OIL & GAS: Oil and gas companies expect it will be more difficult to do business on federal land or obtain permits for pipeline projects under President-elect Biden. (Bloomberg)

• Louisiana oil and gas workers worry what Biden’s administration will mean for their jobs as it seeks to “transition” from the fuels. (WWL-TV Channel 4, WAFB)
• A Houston political science professor expects the Biden administration will show “some pretty hard love” for Texas energy companies but ultimately push them in ways they’ve already been moving anyway. (Houstonia)
• The 1,100 workers at Shell’s Convent oil refinery ponder their future as the plant moves toward shutdown and closure. (The Advocate)
• Federal regulators hand down an $80,100 fine over violations found after a 2018 fire at a Louisiana natural gas terminal. (E&E News)

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NUCLEAR: The Nuclear Regulatory Commission issues notices of violation and more than $900,000 in fines to the Tennessee Valley Authority for a 2015 outage in which operators did not follow procedures or document their actions. (Chattanoogan)

• A largely rural Virginia county grapples with the pros and cons of a proposed $200 million, 149 MW solar farm. (Culpeper Star-Exponent)
• A student team at Appalachian State University in North Carolina prepares for a solar-car endurance race next summer from Missouri to New Mexico. (The Appalachian)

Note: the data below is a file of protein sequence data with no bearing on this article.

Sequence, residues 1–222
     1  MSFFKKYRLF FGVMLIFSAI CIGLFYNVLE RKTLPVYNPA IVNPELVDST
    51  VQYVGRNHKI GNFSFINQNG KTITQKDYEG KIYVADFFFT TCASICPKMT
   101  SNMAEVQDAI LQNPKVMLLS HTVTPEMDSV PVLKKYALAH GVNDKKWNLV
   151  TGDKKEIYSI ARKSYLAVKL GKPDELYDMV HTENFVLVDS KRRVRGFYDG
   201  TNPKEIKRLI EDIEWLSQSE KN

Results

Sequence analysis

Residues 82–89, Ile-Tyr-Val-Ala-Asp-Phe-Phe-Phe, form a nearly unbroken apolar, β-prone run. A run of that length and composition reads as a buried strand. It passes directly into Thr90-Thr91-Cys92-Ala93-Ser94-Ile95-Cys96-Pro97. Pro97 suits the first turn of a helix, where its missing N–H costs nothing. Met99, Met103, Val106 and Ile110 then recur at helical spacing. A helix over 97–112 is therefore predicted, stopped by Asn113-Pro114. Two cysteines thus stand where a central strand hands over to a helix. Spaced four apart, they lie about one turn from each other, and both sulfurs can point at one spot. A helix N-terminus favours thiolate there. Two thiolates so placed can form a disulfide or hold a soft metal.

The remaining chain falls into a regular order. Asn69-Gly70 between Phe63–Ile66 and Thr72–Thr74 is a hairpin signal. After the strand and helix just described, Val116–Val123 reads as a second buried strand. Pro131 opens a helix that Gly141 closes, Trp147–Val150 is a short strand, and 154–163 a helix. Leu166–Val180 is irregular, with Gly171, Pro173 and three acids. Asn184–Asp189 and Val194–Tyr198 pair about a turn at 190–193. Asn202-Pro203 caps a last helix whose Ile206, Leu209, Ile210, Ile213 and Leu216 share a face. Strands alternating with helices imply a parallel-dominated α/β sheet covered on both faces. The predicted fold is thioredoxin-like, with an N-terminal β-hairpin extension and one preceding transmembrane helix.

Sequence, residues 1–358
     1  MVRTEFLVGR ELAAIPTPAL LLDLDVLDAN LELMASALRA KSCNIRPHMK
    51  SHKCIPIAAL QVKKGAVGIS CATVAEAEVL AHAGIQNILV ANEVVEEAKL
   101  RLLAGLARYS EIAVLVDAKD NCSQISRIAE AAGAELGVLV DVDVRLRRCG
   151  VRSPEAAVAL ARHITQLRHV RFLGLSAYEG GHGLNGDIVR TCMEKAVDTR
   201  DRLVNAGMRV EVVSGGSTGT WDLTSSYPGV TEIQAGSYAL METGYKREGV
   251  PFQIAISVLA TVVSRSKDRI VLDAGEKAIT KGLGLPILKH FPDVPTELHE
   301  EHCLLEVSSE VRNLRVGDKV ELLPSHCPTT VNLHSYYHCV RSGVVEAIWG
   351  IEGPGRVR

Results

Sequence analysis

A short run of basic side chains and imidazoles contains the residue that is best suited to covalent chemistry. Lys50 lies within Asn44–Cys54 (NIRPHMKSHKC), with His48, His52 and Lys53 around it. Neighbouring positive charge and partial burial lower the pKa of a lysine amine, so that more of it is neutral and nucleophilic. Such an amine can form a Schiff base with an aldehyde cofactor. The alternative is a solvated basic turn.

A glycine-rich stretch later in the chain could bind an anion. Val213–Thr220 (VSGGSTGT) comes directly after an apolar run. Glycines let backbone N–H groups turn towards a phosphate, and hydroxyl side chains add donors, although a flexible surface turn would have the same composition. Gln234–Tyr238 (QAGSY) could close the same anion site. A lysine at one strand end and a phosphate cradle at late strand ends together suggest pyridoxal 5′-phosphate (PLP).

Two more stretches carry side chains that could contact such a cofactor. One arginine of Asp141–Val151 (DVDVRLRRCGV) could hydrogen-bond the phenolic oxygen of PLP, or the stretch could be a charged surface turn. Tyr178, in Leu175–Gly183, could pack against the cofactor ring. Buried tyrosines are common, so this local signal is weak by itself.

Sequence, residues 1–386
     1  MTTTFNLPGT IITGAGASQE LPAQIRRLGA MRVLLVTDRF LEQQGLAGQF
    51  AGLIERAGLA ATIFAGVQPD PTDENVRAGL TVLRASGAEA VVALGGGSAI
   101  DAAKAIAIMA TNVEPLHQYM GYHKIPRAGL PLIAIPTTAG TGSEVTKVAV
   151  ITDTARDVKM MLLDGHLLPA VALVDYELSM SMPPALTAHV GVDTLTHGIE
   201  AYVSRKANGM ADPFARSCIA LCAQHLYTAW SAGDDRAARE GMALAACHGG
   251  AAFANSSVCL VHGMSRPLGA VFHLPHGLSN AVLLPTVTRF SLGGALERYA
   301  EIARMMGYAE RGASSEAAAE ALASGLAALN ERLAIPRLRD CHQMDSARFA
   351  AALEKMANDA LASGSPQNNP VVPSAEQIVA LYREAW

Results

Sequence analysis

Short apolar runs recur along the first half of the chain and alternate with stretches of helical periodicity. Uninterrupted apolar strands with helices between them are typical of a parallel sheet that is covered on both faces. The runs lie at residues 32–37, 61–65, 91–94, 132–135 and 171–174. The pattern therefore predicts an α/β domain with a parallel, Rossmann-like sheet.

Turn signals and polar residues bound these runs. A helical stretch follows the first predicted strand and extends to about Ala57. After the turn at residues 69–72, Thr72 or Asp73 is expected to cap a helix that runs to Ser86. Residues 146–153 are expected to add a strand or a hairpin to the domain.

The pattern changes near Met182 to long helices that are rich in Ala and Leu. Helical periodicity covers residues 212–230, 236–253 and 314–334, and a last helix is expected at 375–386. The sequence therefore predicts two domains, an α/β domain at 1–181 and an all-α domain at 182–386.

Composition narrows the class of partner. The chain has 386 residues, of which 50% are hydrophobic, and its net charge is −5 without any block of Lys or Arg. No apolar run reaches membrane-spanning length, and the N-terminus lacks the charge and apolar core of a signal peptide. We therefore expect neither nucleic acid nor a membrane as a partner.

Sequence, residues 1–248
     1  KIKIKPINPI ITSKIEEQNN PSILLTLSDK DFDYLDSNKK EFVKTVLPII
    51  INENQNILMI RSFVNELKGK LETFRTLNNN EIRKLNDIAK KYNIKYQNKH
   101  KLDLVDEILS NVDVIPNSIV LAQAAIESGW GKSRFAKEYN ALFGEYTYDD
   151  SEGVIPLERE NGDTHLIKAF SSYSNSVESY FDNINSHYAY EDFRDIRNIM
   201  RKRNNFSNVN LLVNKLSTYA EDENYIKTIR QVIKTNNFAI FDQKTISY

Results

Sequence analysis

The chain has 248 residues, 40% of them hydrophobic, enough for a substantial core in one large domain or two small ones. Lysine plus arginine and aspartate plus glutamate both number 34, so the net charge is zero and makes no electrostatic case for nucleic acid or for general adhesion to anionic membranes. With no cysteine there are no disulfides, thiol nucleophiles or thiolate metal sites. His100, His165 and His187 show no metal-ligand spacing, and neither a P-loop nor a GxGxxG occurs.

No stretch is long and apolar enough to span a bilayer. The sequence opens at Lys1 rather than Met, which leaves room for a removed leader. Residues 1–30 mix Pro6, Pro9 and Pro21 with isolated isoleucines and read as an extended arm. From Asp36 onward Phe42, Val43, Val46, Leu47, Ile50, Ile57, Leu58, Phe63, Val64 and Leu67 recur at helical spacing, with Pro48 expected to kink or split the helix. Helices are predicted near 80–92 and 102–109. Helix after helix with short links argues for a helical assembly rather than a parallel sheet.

• Kentucky Power asks state regulators for a rate increase and a decrease in credit rates for rooftop solar customers. (WFPL)
• Florida Power & Light prepares for Tropical Storm Eta as it gathers strength amid an unprecedented year for hurricanes. (Boca Raton Tribune)

ELECTRIC VEHICLES: A Texas reporter roadtrips 20 hours from Dallas to Austin to Houston and back to Dallas to test an electric car. (KENS 5)

TRANSPORTATION: A transit agency in Little Rock, Arkansas, will buy eight compressed natural gas buses in 2021 to replace diesel vehicles as it cuts its budget to accommodate a decrease in ridership and funding. (Arkansas Democrat-Gazette)

CLIMATE: Louisiana Gov. John Bel Edwards will meet with a climate team tasked with finding ways for the state to reach net-zero emissions of greenhouse gases by 2050. (The Advocate)

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COAL ASH: American Electric Power announces it will install new ash handling systems or lined ash ponds at three West Virginia power plants. (Charleston Gazette-Mail)

TRANSITION: The acceleration of wind- and solar-powered “green hydrogen” may accelerate the decline of shale gas and even nuclear power. (CleanTechnica)

Mason has worked as a journalist since 2001, covering Appalachian communities and the issues that affect them. He compiles the Southeast Energy News digest. Mason previously worked as a wildlife biologist before moving into journalism by freelancing at Coast Weekly in Monterey, California, before taking an internship in 2001 at High Country News. He wrote for the Enterprise Mountaineer in western North Carolina and the Roanoke Times in western Virginia before going freelance in 2012. His work has appeared in Southerly, Daily Yonder, Mother Jones, Huffington Post, WVPB’s Inside Appalachia and elsewhere. Mason was born and raised in Clifton Forge, Virginia, and now lives with his family and a small herd of goats in Floyd County, Virginia.